CHILDREN OF THE MAKER by Lucy Cullyford Babbitt

CHILDREN OF THE MAKER

By
Email this review

KIRKUS REVIEW

Under the protection of the Half-Divine Jentessa, mortals Paragrin and Cam--met earlier in The Oval Amulet (1985)--are now happily ""Joined"" mates who together rule the small colony of Melde. While Paragrin is off exploring the less-enlightened colony of Vasser, its ruler--Jentessa's evil sister, Magramid--comes to Melde to pursue her vendetta with Jentessa. The story's lively action--in scenes that alternate between Paragrin's experiences in the dark and repressive Vasser and Cam's saintly attempts to keep peace in Melde in spite of Magramid's machinations (of which he is unaware until she tries to rape him)--dramatizes the age-old debates about pacific versus violent responses to aggression and the nature of a god who allows evil. But there are no simplistic resolutions here: Cam finally takes revenge on a murderer by killing him, suffers remorse, but is consoled by the notion that at least he didn't believe his act was just. Meanwhile, the sisters have a devastating conflict: Magramid is exiled by their father (the divine Maker), and Jentessa is left in charge--with the mortals somewhat more reconciled to her policy of nonintervention in their affairs. Though these ideas are more interesting than the characters, and readers will find the earlier book almost a prerequisite, this entertaining, well-told sequel does hold attention.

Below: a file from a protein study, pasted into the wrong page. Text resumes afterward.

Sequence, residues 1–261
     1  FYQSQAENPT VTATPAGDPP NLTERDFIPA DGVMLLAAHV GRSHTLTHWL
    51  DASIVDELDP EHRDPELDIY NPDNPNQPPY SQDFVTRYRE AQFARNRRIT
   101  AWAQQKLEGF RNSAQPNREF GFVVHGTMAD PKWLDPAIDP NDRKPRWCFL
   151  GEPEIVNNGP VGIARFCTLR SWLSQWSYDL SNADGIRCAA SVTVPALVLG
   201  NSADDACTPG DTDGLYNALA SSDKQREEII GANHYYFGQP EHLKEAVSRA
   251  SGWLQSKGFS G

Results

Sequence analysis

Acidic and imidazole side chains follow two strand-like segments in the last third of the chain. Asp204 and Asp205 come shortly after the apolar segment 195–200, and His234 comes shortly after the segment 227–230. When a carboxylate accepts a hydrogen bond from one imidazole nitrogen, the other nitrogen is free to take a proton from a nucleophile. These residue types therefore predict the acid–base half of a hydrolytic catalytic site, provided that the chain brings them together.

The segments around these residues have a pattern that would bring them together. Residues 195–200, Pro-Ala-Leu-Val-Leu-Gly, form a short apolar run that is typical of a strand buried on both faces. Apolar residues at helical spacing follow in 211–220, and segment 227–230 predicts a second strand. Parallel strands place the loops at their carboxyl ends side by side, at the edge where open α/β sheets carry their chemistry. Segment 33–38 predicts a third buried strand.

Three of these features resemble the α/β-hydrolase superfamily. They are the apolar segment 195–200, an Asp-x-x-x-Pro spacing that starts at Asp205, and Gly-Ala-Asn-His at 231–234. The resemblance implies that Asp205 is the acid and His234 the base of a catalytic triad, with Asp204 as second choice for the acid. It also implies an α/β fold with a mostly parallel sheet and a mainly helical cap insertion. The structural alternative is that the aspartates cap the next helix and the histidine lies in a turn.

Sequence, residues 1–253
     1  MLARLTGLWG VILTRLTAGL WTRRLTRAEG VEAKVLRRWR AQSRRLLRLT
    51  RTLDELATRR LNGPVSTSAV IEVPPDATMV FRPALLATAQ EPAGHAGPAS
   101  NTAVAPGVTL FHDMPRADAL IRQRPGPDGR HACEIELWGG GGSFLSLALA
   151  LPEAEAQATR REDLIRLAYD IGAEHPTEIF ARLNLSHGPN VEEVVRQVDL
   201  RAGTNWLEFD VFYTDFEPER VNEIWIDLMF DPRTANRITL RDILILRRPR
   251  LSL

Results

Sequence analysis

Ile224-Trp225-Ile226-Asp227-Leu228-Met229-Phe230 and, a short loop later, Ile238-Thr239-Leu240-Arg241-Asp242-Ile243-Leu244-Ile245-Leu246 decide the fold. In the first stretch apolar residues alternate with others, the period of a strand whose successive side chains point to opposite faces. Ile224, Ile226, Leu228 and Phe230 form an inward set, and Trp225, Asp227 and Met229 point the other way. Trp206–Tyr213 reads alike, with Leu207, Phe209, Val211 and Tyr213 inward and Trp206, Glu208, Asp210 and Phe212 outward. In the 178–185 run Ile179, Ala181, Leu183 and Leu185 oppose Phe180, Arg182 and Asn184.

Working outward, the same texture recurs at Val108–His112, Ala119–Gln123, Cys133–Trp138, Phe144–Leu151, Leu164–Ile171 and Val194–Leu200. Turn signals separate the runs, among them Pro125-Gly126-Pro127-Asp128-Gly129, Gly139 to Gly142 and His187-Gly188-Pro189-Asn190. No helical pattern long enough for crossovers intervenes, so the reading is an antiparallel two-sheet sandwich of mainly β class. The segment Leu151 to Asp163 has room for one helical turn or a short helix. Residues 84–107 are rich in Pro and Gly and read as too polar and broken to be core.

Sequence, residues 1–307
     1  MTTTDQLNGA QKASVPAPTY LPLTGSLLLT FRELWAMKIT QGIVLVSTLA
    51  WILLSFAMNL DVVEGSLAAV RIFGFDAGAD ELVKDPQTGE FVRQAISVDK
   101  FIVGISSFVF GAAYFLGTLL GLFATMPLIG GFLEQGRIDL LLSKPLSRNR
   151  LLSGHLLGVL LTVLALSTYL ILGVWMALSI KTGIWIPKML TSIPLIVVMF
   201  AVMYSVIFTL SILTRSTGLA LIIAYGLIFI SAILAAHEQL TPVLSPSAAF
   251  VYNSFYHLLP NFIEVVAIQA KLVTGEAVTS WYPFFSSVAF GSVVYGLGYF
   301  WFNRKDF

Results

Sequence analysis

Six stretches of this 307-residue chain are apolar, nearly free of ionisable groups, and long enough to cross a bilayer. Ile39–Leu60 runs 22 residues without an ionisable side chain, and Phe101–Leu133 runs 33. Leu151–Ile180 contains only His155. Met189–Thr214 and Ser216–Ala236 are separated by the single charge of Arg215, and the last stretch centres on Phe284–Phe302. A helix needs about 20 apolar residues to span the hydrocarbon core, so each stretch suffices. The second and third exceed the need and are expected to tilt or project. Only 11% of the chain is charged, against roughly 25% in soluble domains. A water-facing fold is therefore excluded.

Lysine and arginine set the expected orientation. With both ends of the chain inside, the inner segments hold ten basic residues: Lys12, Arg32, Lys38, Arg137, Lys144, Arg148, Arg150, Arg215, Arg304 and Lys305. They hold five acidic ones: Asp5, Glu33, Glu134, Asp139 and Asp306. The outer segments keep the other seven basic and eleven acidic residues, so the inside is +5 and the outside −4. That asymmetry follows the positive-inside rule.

Pub Date: Dec. 1st, 1988
Page count: 240pp
Publisher: Farrar, Straus & Giroux